You have many duties as an employer, including both the terms and conditions under which your staff are employed (HR Law) and tax obligations; this article covers your duties under HR Law. It is therefore important that you seek professional advice about your responsibilities to HMRC.
Your key duties to your employees under HR Law
- Provide a statement of terms and conditions of employment within 2 months of starting employment. This must include provisions on job title, place of work, salary, hours, holiday pay, sick pay, notice period and pension arrangement.
- Have in place a disciplinary procedure and a grievance procedure, which should also be referred to in the statement of terms and conditions.
- Take reasonable care of the Health & Safety of your employees.
- Provide a suitable working environment, which includes one that is not too hot or too cold, and one where reasonable steps are taken by the employer to protect employees from unacceptable behaviour such as bullying or unauthorised interference in work duties.
Mutual trust and confidence
In addition, there is a lot of focus in case law with regard to the duty of mutual trust and confidence; in essence this is the requirement that the employer must not, without reasonable and proper cause, conduct itself in a matter calculated and likely to destroy or seriously damage the relationship of trust and confidence between employer and employee.
Claims for constructive unfair dismissal often arise out of a breach of this duty, which is an implied term in all contracts of employment. This duty encompasses many facets of employment life and covers a variety of issues and situations, from failing to provide reasonable support to an employee to bullying.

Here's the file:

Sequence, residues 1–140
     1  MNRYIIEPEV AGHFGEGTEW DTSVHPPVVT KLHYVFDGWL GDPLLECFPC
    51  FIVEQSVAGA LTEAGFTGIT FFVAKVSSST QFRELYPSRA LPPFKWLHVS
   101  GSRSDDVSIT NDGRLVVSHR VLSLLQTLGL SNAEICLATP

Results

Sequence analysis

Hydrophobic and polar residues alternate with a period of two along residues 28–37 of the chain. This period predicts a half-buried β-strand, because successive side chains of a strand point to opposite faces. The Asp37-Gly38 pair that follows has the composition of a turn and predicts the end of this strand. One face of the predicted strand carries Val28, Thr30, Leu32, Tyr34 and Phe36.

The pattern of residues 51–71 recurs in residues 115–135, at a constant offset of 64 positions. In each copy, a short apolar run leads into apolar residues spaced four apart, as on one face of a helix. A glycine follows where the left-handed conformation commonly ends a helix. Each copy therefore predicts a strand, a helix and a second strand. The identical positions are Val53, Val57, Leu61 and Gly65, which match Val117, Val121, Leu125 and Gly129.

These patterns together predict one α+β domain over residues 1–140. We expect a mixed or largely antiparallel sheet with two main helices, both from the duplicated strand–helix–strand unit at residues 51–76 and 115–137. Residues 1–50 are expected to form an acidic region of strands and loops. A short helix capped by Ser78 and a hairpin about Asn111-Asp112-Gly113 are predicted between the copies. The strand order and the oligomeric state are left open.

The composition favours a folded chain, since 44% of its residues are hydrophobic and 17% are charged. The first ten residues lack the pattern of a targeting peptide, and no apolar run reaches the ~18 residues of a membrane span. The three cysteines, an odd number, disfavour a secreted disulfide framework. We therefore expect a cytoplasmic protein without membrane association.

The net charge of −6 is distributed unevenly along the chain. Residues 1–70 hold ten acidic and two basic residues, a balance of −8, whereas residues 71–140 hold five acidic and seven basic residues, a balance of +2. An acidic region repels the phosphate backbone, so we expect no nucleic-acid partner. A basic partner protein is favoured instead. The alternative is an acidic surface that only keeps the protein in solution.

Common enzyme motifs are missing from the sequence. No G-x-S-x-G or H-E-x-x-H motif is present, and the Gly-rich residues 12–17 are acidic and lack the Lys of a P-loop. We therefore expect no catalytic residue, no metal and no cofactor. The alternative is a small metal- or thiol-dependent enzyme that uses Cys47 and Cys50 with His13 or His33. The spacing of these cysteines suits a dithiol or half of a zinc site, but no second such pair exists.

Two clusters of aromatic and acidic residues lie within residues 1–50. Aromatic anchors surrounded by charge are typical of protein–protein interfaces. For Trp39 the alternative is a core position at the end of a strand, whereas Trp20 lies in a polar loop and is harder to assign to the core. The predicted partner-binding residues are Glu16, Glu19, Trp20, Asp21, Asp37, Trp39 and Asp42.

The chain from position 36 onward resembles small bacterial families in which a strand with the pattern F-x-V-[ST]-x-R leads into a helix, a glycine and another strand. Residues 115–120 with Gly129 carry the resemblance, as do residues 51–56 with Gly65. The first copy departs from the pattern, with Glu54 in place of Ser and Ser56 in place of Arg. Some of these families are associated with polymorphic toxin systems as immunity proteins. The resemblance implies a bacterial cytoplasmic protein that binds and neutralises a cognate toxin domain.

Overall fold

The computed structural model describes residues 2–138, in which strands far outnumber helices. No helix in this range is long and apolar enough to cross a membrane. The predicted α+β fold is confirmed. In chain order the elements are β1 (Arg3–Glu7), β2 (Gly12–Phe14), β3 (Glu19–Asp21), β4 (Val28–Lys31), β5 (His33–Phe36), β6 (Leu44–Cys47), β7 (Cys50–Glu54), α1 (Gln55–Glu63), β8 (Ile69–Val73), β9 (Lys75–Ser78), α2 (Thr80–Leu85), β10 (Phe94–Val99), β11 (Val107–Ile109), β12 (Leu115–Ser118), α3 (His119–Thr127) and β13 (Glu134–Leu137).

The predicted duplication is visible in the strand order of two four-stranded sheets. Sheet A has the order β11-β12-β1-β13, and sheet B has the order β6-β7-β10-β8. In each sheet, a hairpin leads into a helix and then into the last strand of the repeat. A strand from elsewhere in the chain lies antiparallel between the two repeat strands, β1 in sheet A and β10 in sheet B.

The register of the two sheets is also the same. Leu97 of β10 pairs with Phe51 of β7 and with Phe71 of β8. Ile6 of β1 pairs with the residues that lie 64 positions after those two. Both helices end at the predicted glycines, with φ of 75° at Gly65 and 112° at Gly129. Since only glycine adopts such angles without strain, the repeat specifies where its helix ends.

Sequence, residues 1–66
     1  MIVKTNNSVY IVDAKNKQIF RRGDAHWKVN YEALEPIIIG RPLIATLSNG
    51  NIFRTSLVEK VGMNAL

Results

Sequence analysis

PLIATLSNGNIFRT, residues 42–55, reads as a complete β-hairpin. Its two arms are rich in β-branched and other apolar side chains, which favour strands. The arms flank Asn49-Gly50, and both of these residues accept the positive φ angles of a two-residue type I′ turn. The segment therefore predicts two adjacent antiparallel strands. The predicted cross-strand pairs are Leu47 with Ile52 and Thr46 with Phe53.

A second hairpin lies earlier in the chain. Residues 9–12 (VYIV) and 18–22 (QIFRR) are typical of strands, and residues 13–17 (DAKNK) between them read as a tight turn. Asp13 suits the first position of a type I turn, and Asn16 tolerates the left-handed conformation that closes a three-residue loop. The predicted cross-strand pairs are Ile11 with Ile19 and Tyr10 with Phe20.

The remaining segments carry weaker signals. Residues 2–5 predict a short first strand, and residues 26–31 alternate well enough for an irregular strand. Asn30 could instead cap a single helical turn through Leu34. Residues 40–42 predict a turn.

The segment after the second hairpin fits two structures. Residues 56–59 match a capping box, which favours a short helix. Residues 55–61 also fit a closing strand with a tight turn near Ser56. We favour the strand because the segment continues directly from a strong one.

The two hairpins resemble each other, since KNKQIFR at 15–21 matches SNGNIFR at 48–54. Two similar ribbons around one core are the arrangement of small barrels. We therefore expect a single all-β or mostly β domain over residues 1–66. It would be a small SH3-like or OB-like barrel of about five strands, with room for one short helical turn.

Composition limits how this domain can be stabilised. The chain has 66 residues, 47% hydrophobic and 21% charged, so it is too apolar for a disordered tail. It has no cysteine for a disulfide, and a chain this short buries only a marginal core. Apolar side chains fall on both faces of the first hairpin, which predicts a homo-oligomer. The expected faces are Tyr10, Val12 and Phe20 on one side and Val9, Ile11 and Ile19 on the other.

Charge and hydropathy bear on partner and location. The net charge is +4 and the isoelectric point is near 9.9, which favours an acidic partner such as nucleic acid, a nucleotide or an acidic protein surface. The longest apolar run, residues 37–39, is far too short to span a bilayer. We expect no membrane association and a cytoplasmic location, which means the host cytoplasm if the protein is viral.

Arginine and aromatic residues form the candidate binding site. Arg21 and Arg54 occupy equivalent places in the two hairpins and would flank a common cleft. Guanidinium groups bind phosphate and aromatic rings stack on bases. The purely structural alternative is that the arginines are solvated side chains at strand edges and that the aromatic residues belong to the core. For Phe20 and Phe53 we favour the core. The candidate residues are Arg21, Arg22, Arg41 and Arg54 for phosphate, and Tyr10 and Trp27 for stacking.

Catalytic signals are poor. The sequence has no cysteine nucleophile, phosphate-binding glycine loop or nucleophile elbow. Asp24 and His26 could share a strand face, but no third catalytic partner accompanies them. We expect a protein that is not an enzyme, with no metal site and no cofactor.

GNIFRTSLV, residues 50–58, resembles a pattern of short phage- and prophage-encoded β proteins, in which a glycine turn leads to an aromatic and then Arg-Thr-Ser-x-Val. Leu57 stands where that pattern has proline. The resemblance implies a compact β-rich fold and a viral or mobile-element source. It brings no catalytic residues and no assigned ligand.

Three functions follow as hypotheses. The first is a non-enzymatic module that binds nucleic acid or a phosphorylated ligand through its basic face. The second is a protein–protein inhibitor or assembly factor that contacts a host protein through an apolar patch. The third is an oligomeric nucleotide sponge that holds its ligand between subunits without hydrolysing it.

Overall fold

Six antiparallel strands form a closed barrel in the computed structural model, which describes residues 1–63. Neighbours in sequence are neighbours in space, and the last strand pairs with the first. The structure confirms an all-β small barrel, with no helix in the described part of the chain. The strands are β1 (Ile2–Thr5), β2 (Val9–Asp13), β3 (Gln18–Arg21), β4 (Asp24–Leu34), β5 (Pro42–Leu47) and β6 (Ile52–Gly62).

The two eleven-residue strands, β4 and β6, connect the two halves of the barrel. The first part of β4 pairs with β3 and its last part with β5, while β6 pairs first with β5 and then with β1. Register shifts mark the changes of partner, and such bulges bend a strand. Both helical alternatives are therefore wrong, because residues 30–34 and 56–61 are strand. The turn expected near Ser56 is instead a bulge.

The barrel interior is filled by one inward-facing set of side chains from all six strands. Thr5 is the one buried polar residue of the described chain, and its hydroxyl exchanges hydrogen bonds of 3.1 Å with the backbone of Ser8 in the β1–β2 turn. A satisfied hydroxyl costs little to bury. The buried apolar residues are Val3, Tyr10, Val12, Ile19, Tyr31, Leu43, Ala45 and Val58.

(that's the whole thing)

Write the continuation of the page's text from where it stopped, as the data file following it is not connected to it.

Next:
Other key areas to be aware of in terms of employer duties, as enshrined in legislation, include:
- Working Time Regulations which cover holidays (5.6 weeks’ holiday including bank holidays), rest breaks (break required of 20 minute for every six hours of work), daily rest periods (11 hours per day), weekly rest periods (24 hours per week or 48 hours per fortnight) and a 48-hour working week (subject to an opt-out option).
- Discrimination legislation which makes it unlawful to discriminate, harass or victimise on the basis of any the protected characteristics, these being: age, sex, race, religion, belief, sexual orientation, gender reassignment and pregnancy and maternity.
- The Auto-Enrolment provisions of the Pensions Act which require most employees to be auto-enrolled in a pension scheme with a minimum contribution to be paid into that pension scheme by the employer and the employee.
- Dismissal procedures: An employee with more than 1 year and 51 weeks’ service can only be dismissed for a fair reason, which includes misconduct, performance, ill-health, redundancy, reorganisation, frustration of contract and illegality, and only following a fair procedure. For example, before making an employee redundant, an employer must undertake a genuine and effective consultation process with the employee.
It's impossible in a short article to cover the whole raft of legislation covering the employment relationship, so if you ever find yourself in unfamiliar territory, or in a situation that could potentially escalate, it is important to seek professional legal advice.
Knowing your duties as an employer will create a fairer basis from which to grow your business.
Meet the expert
Kate Lawson is a specialist employment law solicitor and HR adviser and trainer, offering solution-driven employment law and HR advice to employers and employees.